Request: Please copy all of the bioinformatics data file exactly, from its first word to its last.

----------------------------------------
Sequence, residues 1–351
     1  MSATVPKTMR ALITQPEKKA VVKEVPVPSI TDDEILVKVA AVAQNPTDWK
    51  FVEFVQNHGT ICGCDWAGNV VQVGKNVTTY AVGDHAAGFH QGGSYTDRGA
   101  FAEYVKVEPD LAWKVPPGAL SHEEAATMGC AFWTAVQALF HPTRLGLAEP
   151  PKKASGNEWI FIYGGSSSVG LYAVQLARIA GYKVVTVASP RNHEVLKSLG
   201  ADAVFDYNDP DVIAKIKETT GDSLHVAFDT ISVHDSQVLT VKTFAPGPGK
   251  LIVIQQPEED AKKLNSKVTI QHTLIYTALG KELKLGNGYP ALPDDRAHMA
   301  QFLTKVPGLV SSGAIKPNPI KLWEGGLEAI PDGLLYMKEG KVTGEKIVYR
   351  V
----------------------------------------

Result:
Sequence, residues 1–351
     1  MSATVPKTMR ALITQPEKKA VVKEVPVPSI TDDEILVKVA AVAQNPTDWK
    51  FVEFVQNHGT ICGCDWAGNV VQVGKNVTTY AVGDHAAGFH QGGSYTDRGA
   101  FAEYVKVEPD LAWKVPPGAL SHEEAATMGC AFWTAVQALF HPTRLGLAEP
   151  PKKASGNEWI FIYGGSSSVG LYAVQLARIA GYKVVTVASP RNHEVLKSLG
   201  ADAVFDYNDP DVIAKIKETT GDSLHVAFDT ISVHDSQVLT VKTFAPGPGK
   251  LIVIQQPEED AKKLNSKVTI QHTLIYTALG KELKLGNGYP ALPDDRAHMA
   301  QFLTKVPGLV SSGAIKPNPI KLWEGGLEAI PDGLLYMKEG KVTGEKIVYR
   351  V